On average, every corporate job opening attracts 250 resumes, but only four to six of these paper faces will get an in-person interview—and only one will get the job. Your resume is your first impression, so avoid these common mistakes to leave one that separates you from the other 249…in a good way.
- Grammar and spelling errors
Typos: There the number one resume killer. (There/they’re… did you spot that? A recruiter will!)
According to a 2013 survey, 58% of employers identified CVs with typos as one of the top mistakes that led them to automatically dismiss a candidate.
DON’T: Ever solely rely on spellcheck.
DO: Enlist a second pair of eyes to review the document after you’ve proofread it yourself.
- Duty driven vs. accomplishment driven statements
Language sells, and employers are more interested in what you’ve accomplished as opposed to what your job required. Never use language like “duties included” or “responsible for” in your experience section. Instead, use action verbs to highlight achievements.
DONT: Include something like, “Responsible for organizing department files.”
DO: Include something like, “Contributed to improving office efficiency by organizing 10 years’ worth of chaotic files, ensuring easy access to all department members.”
- The one size fits all approach
When you apply for a specific position, employers expect your resume to be specifically tailored to that role. They want to clearly see how and why you’re the right fit. According to the same 2013 survey, 36% of employers identified a generic approach as one of the mistakes that turns your resume into rubbish.
DON’T: Include an objective or profile that doesn’t match the focus of the job.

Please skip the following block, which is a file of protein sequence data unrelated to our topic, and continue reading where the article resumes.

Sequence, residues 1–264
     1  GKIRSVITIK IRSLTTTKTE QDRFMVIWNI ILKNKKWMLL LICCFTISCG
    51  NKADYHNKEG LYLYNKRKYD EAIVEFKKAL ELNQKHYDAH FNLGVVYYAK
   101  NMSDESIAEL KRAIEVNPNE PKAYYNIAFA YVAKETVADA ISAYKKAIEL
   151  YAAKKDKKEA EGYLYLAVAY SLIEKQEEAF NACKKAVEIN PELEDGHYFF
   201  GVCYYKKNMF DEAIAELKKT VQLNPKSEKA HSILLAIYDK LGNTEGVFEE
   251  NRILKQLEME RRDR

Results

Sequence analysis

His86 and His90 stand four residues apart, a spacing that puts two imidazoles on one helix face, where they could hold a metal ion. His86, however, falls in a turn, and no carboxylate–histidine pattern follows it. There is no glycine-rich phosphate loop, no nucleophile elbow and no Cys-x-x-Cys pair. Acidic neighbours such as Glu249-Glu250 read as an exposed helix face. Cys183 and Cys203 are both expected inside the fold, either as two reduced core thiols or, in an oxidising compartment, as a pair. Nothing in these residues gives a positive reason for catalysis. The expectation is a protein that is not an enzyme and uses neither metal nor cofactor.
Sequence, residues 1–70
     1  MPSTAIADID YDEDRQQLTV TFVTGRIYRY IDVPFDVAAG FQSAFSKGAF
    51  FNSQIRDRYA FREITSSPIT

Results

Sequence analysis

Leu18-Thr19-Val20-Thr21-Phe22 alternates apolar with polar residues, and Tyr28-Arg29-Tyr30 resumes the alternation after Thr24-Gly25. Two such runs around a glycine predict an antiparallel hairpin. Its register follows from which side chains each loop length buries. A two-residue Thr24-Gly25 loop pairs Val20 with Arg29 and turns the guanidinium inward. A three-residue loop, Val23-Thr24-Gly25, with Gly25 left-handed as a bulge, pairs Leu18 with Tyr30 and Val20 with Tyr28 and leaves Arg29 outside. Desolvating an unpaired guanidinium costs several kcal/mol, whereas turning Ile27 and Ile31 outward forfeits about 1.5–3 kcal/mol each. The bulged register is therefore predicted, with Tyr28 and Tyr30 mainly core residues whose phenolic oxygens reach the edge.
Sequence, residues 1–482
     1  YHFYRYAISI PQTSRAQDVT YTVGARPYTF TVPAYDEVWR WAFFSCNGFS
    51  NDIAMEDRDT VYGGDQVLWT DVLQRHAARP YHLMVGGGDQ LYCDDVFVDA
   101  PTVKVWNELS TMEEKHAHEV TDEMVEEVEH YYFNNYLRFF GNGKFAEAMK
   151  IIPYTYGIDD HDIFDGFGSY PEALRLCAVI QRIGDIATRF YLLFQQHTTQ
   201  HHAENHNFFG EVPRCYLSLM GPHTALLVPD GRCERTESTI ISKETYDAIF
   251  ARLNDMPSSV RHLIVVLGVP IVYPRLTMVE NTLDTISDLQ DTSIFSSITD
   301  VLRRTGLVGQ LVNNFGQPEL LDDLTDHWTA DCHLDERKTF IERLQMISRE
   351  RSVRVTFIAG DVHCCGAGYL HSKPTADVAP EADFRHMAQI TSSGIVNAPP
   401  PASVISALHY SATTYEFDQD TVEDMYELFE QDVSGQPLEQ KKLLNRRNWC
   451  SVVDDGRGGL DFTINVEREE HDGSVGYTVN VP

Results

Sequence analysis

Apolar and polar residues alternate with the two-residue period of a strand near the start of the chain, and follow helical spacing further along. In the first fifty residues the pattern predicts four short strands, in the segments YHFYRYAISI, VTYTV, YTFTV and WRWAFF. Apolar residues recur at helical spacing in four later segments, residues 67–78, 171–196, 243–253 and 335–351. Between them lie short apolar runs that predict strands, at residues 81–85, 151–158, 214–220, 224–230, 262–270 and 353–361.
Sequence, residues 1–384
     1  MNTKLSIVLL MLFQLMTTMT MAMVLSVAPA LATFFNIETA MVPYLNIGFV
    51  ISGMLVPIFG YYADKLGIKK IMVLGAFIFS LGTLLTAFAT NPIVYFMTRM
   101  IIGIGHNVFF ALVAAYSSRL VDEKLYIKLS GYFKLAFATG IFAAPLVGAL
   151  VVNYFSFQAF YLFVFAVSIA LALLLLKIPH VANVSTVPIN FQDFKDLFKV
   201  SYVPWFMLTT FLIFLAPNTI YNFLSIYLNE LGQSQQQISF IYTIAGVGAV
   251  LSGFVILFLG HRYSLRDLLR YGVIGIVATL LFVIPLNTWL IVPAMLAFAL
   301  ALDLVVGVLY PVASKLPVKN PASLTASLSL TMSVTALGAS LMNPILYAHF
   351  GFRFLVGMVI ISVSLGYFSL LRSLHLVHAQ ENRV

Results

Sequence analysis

DO: Read the job description carefully, identify the keywords used and ensure to include them within the summary and body of your resume. Learn to keyword your resume like a pro here.
- Omitting exact dates
Leaving out exact dates can leave employers with a sneaking suspicion that you’re trying to hide something. When it comes to your employment history, 27% of employers identified resumes that don’t include exact dates as another common mistake that leads to an automatic no-go.
DO: Be up front about any large gap, and address the issue in your cover letter or explain right in the resume: i.e. Dec 2013- March 2014: Parental or Maternity Leave/ Sabbatical/World Travel/ Family Caregiver.
- Too visually busy or incorrect formatting
Here’s the golden rule: If it’s hard on the eyes, revise! When It comes to resumes, substance definitely matters more than style. Unless you’re applying for a position as a graphic designer or for another role in a creative field, stick to a simple, traditional resume style with bullet points.
DON’T: Include graphs or charts. Applicant Tracking Systems (ATS) used by recruiters and employers can’t read them, so you’re keywords that match the job description won’t be found.
DO: Make sure the formatting looks perfect in any program it’s opened in. You can also save your resume as a .PDF to help alleviate any formatting glitches in different programs.
Your resume won’t get a second chance to make a great first impression if it’s in the recycle bin. Avoid these common mistakes, so you don’t miss out on any career opportunities.